While Im writing this, Im listening to Vivaldis Gloria from the motion picture sound track Shine, I only listen to this when I am in a good mood. Yet, some things need to be said despite being in a good mood and despite Vivaldis musical transcendence.
In her latest WSJ column titled, The Special Assistant for Reality Noonan immediately begins to make excuses for President Obama.
This is accomplished by detailing how the modern day American President resides in a bubble of security and advisors which places the poor old American President in the most untenable of positions, not being able to understand what is really going on outside of the white house.
In the present day of 24 hour news cycles, new media and instant polls, the president unable to determine whats going on outside of the white house is a tough pill to swallow indeed.
Despite the communication efficiencies of the present age, Noonan writes in terms of the occupant of the oval office as a victim unable, for some unknown reason, to exercise sound judgment.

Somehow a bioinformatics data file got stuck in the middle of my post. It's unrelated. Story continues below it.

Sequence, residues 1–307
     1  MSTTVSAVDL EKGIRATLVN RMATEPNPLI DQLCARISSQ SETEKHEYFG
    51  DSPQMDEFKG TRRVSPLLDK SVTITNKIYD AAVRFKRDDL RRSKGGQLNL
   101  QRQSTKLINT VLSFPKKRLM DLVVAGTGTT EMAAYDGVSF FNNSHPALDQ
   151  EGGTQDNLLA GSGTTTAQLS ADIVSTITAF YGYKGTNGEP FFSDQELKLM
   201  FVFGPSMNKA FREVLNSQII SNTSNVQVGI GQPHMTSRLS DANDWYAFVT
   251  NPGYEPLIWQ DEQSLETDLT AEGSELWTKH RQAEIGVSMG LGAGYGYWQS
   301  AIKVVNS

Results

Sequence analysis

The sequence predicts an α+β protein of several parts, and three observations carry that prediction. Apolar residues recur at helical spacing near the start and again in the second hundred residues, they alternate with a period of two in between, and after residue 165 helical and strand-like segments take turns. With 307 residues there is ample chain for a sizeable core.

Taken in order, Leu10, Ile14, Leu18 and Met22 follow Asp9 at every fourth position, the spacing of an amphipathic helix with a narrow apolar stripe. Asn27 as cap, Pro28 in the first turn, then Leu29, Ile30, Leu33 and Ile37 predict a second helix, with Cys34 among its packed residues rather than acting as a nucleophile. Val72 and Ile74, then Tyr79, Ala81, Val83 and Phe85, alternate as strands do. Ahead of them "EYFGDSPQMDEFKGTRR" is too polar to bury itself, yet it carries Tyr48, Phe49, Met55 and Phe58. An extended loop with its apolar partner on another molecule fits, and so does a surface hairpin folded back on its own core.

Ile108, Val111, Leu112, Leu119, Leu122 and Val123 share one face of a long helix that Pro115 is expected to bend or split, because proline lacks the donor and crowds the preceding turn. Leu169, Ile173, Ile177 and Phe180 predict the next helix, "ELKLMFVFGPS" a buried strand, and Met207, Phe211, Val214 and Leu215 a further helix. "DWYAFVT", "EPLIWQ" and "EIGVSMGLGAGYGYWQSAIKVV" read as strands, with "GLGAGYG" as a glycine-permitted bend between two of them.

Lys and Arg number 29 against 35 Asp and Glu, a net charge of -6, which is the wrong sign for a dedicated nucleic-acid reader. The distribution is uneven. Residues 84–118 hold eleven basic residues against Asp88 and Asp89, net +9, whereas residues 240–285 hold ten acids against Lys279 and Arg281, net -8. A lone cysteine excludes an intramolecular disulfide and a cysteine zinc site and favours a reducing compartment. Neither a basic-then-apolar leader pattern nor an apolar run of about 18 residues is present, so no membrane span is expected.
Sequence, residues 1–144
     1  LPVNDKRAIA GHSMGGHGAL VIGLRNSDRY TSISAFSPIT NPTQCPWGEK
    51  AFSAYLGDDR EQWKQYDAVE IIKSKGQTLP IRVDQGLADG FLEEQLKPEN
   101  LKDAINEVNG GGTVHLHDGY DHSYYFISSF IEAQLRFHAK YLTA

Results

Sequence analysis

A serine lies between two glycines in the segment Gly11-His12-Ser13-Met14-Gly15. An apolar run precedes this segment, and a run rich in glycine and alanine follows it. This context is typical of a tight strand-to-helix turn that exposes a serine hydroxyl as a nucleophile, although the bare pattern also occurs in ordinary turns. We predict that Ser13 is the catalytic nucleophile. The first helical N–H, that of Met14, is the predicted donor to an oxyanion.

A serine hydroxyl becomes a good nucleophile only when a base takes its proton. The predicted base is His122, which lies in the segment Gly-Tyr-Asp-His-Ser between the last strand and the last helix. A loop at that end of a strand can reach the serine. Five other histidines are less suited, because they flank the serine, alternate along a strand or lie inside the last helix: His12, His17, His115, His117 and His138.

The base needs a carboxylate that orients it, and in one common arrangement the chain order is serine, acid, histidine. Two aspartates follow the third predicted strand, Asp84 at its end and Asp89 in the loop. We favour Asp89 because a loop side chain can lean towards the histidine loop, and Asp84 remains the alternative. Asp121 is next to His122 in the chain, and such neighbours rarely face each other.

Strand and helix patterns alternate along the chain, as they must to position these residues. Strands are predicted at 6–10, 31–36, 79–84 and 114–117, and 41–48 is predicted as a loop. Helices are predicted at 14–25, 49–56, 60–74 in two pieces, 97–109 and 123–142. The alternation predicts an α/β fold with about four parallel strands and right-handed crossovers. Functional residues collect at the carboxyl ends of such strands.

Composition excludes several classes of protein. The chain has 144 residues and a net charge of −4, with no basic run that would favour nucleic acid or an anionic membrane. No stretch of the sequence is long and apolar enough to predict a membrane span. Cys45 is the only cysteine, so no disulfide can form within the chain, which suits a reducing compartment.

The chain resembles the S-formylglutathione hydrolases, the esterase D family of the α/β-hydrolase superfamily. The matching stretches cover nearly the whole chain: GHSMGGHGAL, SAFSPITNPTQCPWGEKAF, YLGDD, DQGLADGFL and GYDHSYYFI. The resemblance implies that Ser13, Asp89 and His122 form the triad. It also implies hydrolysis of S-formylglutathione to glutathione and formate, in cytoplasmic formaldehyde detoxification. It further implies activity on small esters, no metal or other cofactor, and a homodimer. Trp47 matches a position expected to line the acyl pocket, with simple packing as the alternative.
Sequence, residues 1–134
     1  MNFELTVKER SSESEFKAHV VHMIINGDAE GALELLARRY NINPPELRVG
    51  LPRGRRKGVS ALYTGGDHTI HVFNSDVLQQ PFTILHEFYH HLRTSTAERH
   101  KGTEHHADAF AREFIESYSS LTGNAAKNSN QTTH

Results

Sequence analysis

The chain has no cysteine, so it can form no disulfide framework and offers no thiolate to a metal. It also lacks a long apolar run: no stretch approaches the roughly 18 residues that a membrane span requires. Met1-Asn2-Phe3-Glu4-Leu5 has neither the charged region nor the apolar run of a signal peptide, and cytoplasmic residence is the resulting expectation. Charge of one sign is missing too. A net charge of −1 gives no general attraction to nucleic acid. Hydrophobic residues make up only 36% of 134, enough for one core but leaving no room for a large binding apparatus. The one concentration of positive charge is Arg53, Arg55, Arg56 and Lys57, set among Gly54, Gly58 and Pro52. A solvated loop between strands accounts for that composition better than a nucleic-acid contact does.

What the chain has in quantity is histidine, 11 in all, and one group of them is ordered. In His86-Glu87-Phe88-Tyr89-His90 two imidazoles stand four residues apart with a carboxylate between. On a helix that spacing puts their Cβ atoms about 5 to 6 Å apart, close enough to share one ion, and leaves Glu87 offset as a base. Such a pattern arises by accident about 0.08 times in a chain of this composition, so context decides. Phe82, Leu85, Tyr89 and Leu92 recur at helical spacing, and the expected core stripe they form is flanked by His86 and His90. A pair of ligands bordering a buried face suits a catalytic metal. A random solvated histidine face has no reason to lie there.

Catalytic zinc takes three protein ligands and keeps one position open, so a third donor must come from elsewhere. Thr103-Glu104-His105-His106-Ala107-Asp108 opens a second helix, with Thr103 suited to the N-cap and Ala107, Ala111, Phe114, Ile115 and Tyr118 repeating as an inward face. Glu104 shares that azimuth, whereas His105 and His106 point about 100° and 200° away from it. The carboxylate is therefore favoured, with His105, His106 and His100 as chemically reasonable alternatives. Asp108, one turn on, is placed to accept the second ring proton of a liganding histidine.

Per Noonan: Presidents always get to the point where they want to escape Washington, and their lives, and their jobs. But they never can. Because when you're president and you go to Indiana, you take the bubble with you. Your bubble meets Indiana; your bubble witnesses Indianans. But you don't get out of the bubble in Indiana. Once you're in the bubbleonce you're in the midst of a huge apparatus, once you have the cars and the aides and the security and the staffersthere is no getting out of it.
You cannot shake the bubble. Wherever you go, there it is. And the worst part is that the army of staff, security and aides that exists to be a barrier between a president and danger, or a president and inconvenience, winds up being a barrier between a president and reality. You lose touch with America and Americans in the bubble, no matter who you are, or what party. This accounts for some of the spectacular blunders presidents make.
Noonan of course needs the above preamble before segueing into just how out of touch she now sees President Obama in terms of the countrys outrage over the TSA imbroglio. Writing in generalities before launching into the clear deficiencies of Mr. Obama, has become a staple of those in the mainstream media, especially for those feigned conservatives who promoted Obama like Noonan. I suspect they view this as a veneer of cover so as to not upset the mainstream gentry.